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Request: The question must assumed to be hypothetical and answers be limited to technical only. (no ethics and other things)

I am in an organization (school) that has very strict network policies. We can access internet only through a squid proxy. Stackoverflow is banned and I want to access it somehow.

Now I own a machine in some cloud connected directly to internet backbone. I have root access to this machine. Needless to say it's outside my organization's network. This machine is accessible through HTTP from my organization network.

Now tell me is there anything that I can install on the cloud machine so that I can surf whatever I want from organization's network?

I think this reduces to asking : Basically the way we have SSH tunneling is HTTP tunneling possible ?

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Do you know for a fact that the proxy server is in fact Squid? The nature of the proxy server changes the approach.

School law can get quite complicated (and IANAL), but the bottom line is that the school district is responsible for making a best effort to appropriately filter content (which is the reverse of standard college policy). That means that the school needs some way of constantly updating which sites are accessible (unless of course they just throw their hands up and institute a very strict whitelist policy, which they might have done if they are just using Squid). In many organizations, a dedicated proxy device is used that subscribes to a service which constantly updates web site categorization. These services have gotten very good over the years at detecting and preventing the standard sorts of ways around your institutional proxy (such as setting your own proxy server up outside the network and using that to view Stack Overflow, which is essentially Bruno's answer).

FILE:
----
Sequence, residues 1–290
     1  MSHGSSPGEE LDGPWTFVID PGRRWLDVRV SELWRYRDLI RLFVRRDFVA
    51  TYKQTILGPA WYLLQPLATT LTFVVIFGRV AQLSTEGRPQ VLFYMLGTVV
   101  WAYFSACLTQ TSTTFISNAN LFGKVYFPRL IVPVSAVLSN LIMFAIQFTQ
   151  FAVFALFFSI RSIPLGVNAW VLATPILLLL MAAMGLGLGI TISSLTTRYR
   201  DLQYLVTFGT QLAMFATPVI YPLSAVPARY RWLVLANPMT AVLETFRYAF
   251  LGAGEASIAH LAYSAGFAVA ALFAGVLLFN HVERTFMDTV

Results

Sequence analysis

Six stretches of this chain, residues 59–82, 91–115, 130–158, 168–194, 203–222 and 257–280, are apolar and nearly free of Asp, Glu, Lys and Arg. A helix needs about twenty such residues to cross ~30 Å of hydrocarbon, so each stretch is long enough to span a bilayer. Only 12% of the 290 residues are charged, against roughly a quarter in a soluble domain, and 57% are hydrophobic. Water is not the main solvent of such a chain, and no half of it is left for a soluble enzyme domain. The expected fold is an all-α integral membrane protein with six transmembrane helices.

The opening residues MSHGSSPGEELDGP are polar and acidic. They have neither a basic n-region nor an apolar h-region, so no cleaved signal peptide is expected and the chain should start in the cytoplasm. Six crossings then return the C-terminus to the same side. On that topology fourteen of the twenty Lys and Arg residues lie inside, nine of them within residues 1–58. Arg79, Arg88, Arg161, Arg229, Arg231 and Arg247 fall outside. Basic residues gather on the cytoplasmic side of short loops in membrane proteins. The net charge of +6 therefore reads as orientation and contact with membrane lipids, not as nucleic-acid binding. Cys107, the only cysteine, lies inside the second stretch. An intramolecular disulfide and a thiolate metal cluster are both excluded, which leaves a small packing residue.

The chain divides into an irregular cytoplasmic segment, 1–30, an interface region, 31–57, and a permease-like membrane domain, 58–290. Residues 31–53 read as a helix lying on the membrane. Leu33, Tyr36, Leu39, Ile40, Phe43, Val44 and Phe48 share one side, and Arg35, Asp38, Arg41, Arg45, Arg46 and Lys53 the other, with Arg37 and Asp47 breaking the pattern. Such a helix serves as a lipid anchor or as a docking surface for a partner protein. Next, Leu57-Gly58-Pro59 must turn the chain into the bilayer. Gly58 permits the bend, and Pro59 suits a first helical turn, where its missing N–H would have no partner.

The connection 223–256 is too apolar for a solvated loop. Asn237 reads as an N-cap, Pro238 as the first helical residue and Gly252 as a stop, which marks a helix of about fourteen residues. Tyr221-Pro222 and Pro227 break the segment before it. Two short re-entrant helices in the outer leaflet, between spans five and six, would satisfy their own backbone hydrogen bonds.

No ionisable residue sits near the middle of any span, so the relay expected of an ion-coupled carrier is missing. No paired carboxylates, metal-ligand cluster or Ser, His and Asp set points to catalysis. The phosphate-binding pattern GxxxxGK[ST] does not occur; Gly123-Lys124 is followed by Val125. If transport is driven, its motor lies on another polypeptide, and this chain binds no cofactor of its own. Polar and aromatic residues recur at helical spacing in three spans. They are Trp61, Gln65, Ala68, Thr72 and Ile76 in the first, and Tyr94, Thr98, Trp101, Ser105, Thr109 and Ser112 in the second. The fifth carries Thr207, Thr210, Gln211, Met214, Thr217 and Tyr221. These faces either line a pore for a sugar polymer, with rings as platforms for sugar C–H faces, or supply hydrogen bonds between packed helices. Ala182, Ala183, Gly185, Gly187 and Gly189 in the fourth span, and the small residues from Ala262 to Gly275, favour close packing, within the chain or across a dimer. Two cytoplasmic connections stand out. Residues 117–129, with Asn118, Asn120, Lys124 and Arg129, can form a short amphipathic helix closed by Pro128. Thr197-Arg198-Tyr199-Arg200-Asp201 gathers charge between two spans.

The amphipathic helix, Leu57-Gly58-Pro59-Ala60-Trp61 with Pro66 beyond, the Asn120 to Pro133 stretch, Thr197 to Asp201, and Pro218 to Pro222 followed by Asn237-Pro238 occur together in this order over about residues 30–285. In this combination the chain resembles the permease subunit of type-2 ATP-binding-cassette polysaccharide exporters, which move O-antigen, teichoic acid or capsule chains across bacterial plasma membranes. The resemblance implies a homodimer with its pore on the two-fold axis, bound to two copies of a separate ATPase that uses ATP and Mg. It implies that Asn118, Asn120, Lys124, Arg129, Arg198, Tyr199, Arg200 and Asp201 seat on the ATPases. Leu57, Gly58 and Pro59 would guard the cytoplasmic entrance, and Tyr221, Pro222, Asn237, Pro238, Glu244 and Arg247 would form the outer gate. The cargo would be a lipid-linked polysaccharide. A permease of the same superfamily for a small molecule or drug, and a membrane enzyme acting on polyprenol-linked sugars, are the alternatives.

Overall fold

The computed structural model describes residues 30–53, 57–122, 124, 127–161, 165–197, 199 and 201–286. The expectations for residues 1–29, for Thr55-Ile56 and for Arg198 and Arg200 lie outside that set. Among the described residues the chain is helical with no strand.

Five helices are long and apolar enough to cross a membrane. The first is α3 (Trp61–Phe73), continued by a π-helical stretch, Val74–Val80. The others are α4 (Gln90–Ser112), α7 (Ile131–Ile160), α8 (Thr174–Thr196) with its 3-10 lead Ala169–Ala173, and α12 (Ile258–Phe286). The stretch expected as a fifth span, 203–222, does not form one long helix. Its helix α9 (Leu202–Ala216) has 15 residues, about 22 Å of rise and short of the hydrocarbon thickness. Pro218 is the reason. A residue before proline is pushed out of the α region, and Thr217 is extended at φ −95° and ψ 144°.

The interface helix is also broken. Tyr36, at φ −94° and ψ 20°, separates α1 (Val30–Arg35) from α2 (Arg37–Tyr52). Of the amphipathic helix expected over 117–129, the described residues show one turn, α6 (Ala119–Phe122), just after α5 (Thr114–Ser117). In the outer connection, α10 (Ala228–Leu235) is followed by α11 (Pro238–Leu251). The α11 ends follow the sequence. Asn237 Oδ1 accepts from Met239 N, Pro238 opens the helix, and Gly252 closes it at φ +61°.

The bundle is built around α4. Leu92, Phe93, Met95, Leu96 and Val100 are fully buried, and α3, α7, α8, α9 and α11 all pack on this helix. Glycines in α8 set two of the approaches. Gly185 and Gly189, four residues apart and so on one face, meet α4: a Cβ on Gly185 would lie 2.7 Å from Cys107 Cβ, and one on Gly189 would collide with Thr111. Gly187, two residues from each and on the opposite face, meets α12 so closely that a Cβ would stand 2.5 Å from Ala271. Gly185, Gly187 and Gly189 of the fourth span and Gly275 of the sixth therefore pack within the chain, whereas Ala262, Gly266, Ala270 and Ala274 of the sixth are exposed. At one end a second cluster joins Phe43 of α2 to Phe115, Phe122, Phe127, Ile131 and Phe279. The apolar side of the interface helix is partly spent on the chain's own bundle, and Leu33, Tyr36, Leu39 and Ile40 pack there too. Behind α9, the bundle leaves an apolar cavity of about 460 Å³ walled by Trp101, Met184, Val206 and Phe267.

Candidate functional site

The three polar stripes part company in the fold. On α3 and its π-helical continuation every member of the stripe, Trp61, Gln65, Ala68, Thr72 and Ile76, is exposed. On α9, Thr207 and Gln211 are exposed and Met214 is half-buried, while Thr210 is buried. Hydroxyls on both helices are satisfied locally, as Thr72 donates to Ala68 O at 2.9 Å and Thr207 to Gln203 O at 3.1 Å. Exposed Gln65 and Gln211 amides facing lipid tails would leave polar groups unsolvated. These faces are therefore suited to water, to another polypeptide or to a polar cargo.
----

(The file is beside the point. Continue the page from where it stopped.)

It is possible to use VNC over an HTTP proxy, which might accomplish what you want (remote into your outside machine and then run a web browser inside it). I have also seen some people have success with SSH tunneling through HTTP proxies (Craig notes that it shouldn't work, and maybe it doesn't with Squid, but I have seen it done with other proxy devices although I've never tried it myself). Again, unless they really are using a fairly static Squid configuration, don't be surprised if the admins catch on fairly quickly as to what you are up to.

Since I am, in fact, employed to prevent precisely the kind of thing you are describing, I should note that violating your institution's Acceptable Use Policy will get you into a lot of hot water. Yes, you said to ignore the ethics but this post is appearing under my name and will be eminently Googleable. :)

That said, even when I was a student and not an employee, I found that some problems are best solved organizationally. There is a procedure somewhere for unblocking websites, and there are people authorized to submit to that procedure (i.e. teachers, professors, etc.). If you can make the case to them that some sites should be unblocked, then they can make the case to the IT Department. Provided that no one has previously offended the BOFH, you should be able to get access to the site. After all, it is quite well known and dedicated to intelligently solving technical issues rather than trading ways of attacking your network.

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+1 For paying attention to the Acceptable Use Policy. That was excluded from the initial question, but it can matter indeed (it may also depend whether the site is blocked by default or by an actual policy). Discussing it with those who make the policy is a better approach indeed. – Bruno Sep 15 '10 at 17:42

Do you need a website on that server? If not, why not run sshd on port 80 and then use an SSH tunnel? If that's not possible, this may be of interest but I've not tried it.

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That won't work. Squid is an HTTP proxy it should only allow the HTTP protocol through. – Craig Sep 14 '10 at 19:54
Fair point, sorry for the misleading answer! – James L Sep 14 '10 at 20:16
Also I need a website to work there. – Eastern Monk Sep 15 '10 at 17:31

If your box is running something like Apache Httpd, you could probably configure a path on your box to relay the requests to the server of your choice using mod_proxy and its reverse proxy functions.

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This sounds most appropriate. – Eastern Monk Sep 15 '10 at 17:30
This may help too: – Bruno Sep 15 '10 at 17:35

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